He sailed July 6th by the Pacific mail steamer Montana to Acapulco, caught the Henry Chauncey at Aspinwall, reached New York on the 28th, and a day or two later had delivered his manuscript at Hartford.
But a further difficulty had arisen. Bliss was having troubles himself, this time, with his directors. Many reports of Mark Twain’s new book had been traveling the rounds of the press, some of which declared it was to be irreverent, even blasphemous, in tone. The title selected, The New Pilgrim’s Progress, was in itself a sacrilege. Hartford was a conservative place; the American Publishing Company directors were of orthodox persuasion. They urged Bliss to relieve the company of this impending disaster of heresy. When the author arrived one or more of them labored with him in person, without avail. As for Bliss, he was stanch; he believed in the book thoroughly, from every standpoint. He declared if the company refused to print it he would resign the management and publish the book himself. This was an alarming suggestion to the stockholders. Bliss had returned dividends—a boon altogether too rare in the company’s former history. The objectors retired and were heard of no more. The manuscript was placed in the hands of Fay and Cox, illustrators, with an order for about two hundred and fifty pictures.
Fay and Cox turned it over to True Williams, one of the well-known illustrators of that day. Williams was a man of great talent—of fine imagination and sweetness of spirit—but it was necessary to lock him in a room when industry was required, with nothing more exciting than cold water as a beverage. Clemens himself aided in the illustrating by obtaining of Moses S. Beach photographs from the large collection he had brought home.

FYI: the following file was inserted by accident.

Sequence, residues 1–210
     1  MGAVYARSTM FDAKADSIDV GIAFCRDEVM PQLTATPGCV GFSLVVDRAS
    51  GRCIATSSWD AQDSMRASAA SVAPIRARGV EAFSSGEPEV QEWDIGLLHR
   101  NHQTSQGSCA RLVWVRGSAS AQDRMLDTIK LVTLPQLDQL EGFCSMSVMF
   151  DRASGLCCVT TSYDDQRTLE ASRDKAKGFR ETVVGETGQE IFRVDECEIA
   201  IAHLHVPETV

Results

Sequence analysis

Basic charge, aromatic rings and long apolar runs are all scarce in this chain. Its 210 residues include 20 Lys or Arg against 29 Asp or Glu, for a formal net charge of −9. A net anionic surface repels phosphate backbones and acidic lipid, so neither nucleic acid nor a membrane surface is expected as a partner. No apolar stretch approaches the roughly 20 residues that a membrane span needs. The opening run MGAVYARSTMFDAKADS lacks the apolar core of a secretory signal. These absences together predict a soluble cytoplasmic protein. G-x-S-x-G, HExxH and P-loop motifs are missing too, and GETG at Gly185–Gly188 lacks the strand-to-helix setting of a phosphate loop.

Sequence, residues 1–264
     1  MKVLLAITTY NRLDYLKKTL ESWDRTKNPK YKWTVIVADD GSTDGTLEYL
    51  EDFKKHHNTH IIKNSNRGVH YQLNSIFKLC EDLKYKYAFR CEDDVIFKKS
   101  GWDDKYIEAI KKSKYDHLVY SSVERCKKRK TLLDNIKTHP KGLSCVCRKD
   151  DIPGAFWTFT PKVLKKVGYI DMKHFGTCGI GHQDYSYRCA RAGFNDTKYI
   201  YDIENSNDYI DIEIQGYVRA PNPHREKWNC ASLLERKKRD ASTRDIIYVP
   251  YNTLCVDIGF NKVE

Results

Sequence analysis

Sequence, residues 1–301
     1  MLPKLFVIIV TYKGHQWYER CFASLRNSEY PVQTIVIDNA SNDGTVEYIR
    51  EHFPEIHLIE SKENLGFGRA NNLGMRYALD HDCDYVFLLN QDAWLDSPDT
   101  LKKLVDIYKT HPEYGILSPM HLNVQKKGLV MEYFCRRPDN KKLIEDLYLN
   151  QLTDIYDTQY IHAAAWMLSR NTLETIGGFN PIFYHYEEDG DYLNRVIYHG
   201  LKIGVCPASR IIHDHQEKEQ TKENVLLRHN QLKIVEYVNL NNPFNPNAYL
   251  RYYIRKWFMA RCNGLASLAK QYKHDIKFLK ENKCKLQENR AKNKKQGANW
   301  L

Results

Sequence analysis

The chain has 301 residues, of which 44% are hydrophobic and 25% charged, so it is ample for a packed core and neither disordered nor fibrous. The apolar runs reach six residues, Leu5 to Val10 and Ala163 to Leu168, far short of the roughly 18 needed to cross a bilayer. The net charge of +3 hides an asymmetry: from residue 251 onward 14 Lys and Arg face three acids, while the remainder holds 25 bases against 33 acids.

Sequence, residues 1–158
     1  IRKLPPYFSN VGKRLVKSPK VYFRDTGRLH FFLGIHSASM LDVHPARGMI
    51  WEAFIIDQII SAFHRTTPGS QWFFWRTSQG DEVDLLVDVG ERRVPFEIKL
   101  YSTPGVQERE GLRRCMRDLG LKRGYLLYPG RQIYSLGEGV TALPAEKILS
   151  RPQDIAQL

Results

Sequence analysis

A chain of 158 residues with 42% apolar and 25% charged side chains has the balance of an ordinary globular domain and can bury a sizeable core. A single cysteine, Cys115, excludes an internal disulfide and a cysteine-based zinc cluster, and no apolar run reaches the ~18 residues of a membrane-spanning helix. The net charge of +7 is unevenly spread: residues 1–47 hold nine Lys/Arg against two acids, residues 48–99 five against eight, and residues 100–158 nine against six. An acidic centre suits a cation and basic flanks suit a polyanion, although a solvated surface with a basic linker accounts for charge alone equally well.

A VISIT TO ELMIRA
Meantime he had skilfully obtained a renewal of the invitation to spend a week in the Langdon home.
He meant to go by a fast train, but, with his natural gift for misunderstanding time-tables, of course took a slow one, telegraphing his approach from different stations along the road. Young Langdon concluded to go down the line as far as Waverly to meet him. When the New York train reached there the young man found his guest in the smoking-car, travel-stained and distressingly clad. Mark Twain was always scrupulously neat and correct of dress in later years, but in that earlier day neatness and style had not become habitual and did not give him comfort. Langdon greeted him warmly but with doubt. Finally he summoned courage to say, hesitatingly—“You’ve got some other clothes, haven’t you?”
The arriving guest was not in the least disturbed.
“Oh yes,” he said with enthusiasm, “I’ve got a fine brand-new outfit in this bag, all but a hat. It will be late when we get in, and I won’t see any one to-night. You won’t know me in the morning. We’ll go out early and get a hat.”